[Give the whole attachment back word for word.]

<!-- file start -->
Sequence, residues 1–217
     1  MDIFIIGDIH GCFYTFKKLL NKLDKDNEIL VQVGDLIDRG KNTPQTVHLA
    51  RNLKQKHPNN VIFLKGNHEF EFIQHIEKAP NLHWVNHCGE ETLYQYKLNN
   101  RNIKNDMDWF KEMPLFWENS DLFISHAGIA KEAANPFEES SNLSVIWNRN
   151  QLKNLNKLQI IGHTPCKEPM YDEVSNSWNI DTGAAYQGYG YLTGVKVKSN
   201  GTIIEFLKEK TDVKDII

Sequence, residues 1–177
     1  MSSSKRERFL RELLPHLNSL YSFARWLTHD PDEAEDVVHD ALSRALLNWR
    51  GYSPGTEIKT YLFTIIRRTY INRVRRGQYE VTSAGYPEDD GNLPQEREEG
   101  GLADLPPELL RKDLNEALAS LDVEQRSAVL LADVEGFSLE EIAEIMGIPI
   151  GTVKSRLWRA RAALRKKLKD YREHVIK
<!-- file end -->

Sequence, residues 1–217
     1  MDIFIIGDIH GCFYTFKKLL NKLDKDNEIL VQVGDLIDRG KNTPQTVHLA
    51  RNLKQKHPNN VIFLKGNHEF EFIQHIEKAP NLHWVNHCGE ETLYQYKLNN
   101  RNIKNDMDWF KEMPLFWENS DLFISHAGIA KEAANPFEES SNLSVIWNRN
   151  QLKNLNKLQI IGHTPCKEPM YDEVSNSWNI DTGAAYQGYG YLTGVKVKSN
   201  GTIIEFLKEK TDVKDII

Sequence, residues 1–177
     1  MSSSKRERFL RELLPHLNSL YSFARWLTHD PDEAEDVVHD ALSRALLNWR
    51  GYSPGTEIKT YLFTIIRRTY INRVRRGQYE VTSAGYPEDD GNLPQEREEG
   101  GLADLPPELL RKDLNEALAS LDVEQRSAVL LADVEGFSLE EIAEIMGIPI
   151  GTVKSRLWRA RAALRKKLKD YREHVIK